If I may ask you: have you ever experienced a live farming session before? Observing and watching how lands are being cultivated, plants are being grown, and crops are being harvested. If no, I don’t blame you; and I really understand why you haven’t. Since many a person reside in urban areas and cities, it is very unlikely that they would have seen up close agricultural practices at their very core.
However, you can break the trend by paying a visit to Hoi An today. Specifically, at the Tra Que Vegetable Village, visitors are treated to the very best of farming practices, while also getting the rare opportunity of being a farmer for a day. So, if you’d like to get your hands dirty, experience the feeling of being a farmer, and cultivate your first-ever vegetable, then you should consider visiting this part of Hoi An.
Get some local handicrafts
Are you a true lover of handmade products? Do you lose your breath at the sight of a beautifully crafted piece? If so, a trip to Hoi An should be placed atop of your bucket list today.
Not many destinations in the world can boast of having the number of handicraft villages and shops that Hoi An has.
Additionally, you can also take a casual tour to the handicraft villages of Hoi An to learn about the cultural and historical background behind the making of these items. Trust me, many of the stories you’ll likely hear will make you marvel at the level of ingenuity of Vietnamese.
Learn about the Vietnamese cuisines
It doesn’t matter whether you’re an intercontinental chef seeking to learn about the different global dishes that are there or you’re just a random cuisine-enthusiasts, adding the Vietnamese cuisine to your portfolio of cooking skills will surely make you more respected in your society. And as you might have guessed, what better place is there to learn about the cuisine of a country than the heart of the country itself?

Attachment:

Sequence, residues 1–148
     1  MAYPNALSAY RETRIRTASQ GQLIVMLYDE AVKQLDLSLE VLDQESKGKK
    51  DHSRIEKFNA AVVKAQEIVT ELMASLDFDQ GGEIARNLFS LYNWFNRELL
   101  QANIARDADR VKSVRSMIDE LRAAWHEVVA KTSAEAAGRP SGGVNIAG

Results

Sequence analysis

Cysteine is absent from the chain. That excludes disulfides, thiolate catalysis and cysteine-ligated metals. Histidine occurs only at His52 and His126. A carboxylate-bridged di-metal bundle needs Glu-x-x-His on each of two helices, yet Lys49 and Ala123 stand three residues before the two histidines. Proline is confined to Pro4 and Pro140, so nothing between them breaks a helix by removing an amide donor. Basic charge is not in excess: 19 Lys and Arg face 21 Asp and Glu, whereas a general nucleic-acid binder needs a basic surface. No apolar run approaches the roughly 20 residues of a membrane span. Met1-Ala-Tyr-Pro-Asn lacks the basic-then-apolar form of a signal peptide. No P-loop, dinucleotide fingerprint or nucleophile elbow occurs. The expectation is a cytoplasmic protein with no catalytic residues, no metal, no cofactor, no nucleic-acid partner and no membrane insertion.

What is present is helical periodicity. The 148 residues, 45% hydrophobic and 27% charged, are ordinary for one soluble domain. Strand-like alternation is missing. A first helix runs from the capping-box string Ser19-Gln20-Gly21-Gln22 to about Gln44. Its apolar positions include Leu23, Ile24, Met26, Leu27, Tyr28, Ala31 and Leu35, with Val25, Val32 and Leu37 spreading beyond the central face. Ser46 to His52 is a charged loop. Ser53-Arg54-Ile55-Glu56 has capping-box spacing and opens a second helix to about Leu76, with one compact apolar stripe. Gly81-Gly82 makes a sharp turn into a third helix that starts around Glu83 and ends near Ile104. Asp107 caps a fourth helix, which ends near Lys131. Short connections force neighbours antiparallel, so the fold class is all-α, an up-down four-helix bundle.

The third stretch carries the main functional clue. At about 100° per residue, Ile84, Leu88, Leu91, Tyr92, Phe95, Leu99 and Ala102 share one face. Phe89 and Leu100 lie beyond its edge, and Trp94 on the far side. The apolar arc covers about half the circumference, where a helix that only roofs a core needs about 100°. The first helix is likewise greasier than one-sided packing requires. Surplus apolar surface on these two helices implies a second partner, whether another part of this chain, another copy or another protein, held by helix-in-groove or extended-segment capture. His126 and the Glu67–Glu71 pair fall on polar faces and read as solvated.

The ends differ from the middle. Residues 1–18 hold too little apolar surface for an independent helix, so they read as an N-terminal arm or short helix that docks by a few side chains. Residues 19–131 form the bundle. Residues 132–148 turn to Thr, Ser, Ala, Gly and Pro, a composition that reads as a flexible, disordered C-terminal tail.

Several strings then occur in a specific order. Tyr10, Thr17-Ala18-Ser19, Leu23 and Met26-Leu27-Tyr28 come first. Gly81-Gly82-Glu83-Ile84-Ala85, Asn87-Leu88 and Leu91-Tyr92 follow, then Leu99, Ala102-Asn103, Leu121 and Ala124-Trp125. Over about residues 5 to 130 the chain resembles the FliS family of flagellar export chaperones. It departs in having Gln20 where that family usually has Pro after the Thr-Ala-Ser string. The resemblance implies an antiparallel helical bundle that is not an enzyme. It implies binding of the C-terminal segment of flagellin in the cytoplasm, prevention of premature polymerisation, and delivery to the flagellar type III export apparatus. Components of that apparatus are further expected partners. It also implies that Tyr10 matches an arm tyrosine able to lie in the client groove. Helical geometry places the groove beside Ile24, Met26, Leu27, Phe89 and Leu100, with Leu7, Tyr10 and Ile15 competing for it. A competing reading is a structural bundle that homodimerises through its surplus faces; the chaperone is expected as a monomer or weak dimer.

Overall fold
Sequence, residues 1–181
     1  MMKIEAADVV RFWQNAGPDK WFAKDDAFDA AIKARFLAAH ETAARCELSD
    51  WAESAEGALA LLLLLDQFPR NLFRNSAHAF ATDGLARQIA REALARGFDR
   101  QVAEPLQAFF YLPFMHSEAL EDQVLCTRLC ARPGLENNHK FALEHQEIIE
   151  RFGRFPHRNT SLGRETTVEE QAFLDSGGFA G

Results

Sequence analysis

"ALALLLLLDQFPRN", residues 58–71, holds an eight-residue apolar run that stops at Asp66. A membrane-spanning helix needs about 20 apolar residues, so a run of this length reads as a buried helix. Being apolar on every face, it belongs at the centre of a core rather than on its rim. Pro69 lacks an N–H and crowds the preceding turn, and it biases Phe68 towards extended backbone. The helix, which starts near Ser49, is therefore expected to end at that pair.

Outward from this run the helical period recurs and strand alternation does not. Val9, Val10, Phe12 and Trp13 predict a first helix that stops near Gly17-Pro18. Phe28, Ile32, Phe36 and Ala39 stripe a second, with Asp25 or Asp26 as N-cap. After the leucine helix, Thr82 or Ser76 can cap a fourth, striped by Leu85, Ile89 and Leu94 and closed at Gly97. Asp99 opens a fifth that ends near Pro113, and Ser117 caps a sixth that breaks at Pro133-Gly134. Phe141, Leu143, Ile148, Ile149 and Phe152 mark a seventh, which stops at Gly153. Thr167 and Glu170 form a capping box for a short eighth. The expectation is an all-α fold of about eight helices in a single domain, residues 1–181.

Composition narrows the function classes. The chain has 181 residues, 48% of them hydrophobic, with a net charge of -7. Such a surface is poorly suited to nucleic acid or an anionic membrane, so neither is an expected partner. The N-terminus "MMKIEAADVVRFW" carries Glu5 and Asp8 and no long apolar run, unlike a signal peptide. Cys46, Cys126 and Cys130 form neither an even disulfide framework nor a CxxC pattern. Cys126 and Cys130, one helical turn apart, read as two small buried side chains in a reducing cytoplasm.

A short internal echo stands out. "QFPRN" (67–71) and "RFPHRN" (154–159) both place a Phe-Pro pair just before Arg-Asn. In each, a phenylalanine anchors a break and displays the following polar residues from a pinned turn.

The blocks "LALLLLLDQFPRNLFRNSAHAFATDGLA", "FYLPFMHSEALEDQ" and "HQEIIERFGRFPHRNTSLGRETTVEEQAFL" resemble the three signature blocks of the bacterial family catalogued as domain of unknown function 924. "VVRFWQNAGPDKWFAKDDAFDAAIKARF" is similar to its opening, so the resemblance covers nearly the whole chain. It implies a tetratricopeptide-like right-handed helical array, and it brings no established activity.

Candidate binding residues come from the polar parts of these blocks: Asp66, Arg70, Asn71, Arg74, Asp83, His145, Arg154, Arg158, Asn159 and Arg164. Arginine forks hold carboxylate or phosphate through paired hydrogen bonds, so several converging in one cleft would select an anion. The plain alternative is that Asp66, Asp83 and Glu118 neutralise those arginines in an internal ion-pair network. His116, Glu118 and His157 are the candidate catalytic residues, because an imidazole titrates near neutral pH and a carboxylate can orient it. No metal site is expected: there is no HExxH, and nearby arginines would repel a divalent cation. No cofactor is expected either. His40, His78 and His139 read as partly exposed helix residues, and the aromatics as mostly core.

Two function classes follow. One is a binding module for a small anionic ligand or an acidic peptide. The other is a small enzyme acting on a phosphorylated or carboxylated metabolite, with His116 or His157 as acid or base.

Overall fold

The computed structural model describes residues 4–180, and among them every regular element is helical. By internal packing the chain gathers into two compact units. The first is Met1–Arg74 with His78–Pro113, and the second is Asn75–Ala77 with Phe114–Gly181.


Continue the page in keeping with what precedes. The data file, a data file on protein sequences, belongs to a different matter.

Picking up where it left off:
Not only is Hoi An perfect for experiencing the elegant taste of Vietnamese cuisine, but it also boasts some of the best cooking schools in the region. With its plethora of cooking schools, travelers and tourists alike can learn and get stuck in all things Vietnamese foods.
Check out the Japanese covered bridge
If you’re not married yet, then you should consider yourself lucky for finding this post early enough. Located in the center of the city and popularly regarded as the city’s focal point, the Japanese Covered Bridge has been attracting amorous Vietnamese couples for so many years now. The bridge spans some 12 meters and is famous for its ornate carvings, many of which are in the shape of monkeys and dogs. So, if you wouldn’t mind adding a touch of Vietnamese culture to your wedding photo album, you can visit the Japanese Covered Bridge at Hoi An for some breathtaking shots.
Visit the Hoi An museum
Perhaps you’ve been dying to know more about the things that really happened during the Vietnam War, or you’re just enthusiastic about learning about the history of Hoi An, then you should consider coming to the heart of the city – the Hoi An museum.
Here you’ll find a huge range of pieces, artifacts, and objects that tell the tales of the area, including antiques that date back from the Cham period, as well as the colonial period.
This article does not necessarily reflect the opinions of the editors or management of EconoTimes.